Posted - 06/03/2001 : 12:37:05
Department of Chinese, Translation & Linguistics
Institute of Chinese Linguistics
Here we meet and share our research publications.
Here we meet and exchange our research ideas and plans, and cheer each
Here the full papers by the speakers will be distributed.
(I) Why The Blocking Effect?
By Dr. Haihua Pan (潘海華)
[Abstract] This paper discusses the blocking effect observed in
long-distance (LD) bound bare reflexive ziji in Mandarin Chinese. Unlike the symmetrical unlike-person blocking claimed in the literature (Huang & Tang 1991, Xue, Pollard, and Sag 1994), this paper argues that (a) the blocking effect of ziji is not sym-metrical: first and second person pronouns can block third person noun phrases (NP) from long distance binding ziji, though third person NPs do not necessarily block first or second person pronouns from long distance binding ziji; and (b) other grammatical functions filled by first and second person pronouns, not just subjects or NPs contained in the subject, can induce the blocking effect. The paper claims that long distance bound ziji points to the carrier of belief, and reconstructs this notion as self-ascription. The blocking effect is explained by appealing to the fact that only first and second person pronouns are obligatory self-ascribers, and thus can block long distance binding of ziji by third person NPs if they intervene between the potential third person NP and the reflexive ziji, while third person NPs do not necessarily block ziji from being long distance bound by first/second person pronouns. The paper was published in Peter Cole, James C.-T. Huang, and G. Hermon (eds.), Long Distance Reflexives, Syntax and Semantics Vol. 33, Academic Press. New York, pp. 279-316, 2001.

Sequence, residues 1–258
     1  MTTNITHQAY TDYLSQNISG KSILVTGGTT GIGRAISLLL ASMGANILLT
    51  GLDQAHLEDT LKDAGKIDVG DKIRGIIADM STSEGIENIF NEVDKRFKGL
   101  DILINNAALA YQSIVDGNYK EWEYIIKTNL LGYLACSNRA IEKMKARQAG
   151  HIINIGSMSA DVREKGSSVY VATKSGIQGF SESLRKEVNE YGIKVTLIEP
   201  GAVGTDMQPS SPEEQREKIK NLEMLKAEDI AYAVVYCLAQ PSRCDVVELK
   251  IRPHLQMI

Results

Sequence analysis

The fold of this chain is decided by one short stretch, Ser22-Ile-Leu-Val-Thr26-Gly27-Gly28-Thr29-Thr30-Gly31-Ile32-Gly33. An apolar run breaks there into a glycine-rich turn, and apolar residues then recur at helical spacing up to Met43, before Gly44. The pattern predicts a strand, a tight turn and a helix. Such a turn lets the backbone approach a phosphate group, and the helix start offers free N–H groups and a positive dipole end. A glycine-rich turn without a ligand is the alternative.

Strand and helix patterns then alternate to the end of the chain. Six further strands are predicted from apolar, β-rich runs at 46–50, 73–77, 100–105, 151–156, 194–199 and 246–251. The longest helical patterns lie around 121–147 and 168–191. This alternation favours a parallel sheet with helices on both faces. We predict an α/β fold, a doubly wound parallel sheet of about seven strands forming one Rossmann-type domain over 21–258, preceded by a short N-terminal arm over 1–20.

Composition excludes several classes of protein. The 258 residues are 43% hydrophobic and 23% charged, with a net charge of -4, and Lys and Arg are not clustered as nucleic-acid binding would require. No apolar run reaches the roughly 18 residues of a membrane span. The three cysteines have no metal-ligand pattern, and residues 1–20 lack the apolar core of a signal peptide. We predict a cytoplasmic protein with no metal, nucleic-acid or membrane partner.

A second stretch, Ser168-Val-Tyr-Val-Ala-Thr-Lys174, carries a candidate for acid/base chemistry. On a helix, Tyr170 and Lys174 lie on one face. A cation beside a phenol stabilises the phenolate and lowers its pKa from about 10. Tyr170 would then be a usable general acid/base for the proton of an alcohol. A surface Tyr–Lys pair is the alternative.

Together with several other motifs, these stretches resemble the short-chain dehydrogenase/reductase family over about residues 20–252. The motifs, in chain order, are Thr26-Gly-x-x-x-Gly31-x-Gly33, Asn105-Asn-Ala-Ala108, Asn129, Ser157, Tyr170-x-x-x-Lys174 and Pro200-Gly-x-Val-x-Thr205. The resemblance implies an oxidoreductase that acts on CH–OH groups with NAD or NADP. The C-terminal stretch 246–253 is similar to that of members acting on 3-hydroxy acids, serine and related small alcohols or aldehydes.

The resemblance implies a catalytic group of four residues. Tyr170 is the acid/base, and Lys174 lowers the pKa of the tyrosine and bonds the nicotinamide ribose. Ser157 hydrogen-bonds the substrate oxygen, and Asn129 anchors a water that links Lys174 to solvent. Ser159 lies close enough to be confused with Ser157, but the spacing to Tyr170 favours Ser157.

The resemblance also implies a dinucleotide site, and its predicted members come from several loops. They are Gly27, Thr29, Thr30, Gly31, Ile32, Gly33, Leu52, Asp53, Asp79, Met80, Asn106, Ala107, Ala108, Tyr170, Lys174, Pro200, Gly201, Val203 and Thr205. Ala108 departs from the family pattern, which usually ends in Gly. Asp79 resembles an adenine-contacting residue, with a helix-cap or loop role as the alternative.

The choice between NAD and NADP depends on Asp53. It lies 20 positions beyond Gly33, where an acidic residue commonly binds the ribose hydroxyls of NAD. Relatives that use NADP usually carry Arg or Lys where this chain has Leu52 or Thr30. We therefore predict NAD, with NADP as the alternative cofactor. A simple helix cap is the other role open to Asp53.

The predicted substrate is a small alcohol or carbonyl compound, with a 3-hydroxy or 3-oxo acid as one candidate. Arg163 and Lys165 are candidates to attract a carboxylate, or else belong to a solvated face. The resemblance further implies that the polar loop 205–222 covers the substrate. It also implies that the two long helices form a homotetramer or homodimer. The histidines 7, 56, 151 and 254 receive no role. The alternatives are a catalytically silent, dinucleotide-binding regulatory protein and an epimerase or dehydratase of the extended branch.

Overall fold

(II) Unsupervised Lexical Learning as Inductinve Inference
By Dr. Chunyu Kit (揭春雨)
[Abstract] To learn a language, the learners must first learn its words.
The difficulty in learning words lies in the unavailability of explicit word boundaries in speech input. The learners have to infer lexical items with some innately endowed learning mechanism(s) for regularity detection. We hypothesize a cognitive mechanism underlying language learning that seeks for the least-effort representation for input data. Accordingly, lexical learning is to infer the minimal-cost representation for the input. The main theme of this thesis is to examine how far this learning mechanism can go in unsupervised lexical learning, entirely resting on statistical induction of structural patterns for the most economic representation for the data. We formulate the description length gain (DLG) measure to evaluate the goodness of a lexical candidate in terms of its compression effect in bits, and an unsupervised lexical learning algorithm as an optimisation process to segment an utterance into word candidates with the greatest sum of DLG. Learning experiments illustrate that our learning approach reaches the state of the art of computational lexical learning.
From Chunyu Kit, Unsupervised Lexical Learning as Inductinve Inference. PhD thesis, Sheffield University, Sept., 2000. (Available online at
Time: 4:30 - 6:00 pm;
Date: Monday, 12 March 2001
Venue: CTL Conference Room B7533, CityU
_____________________ All are welcome! ______________________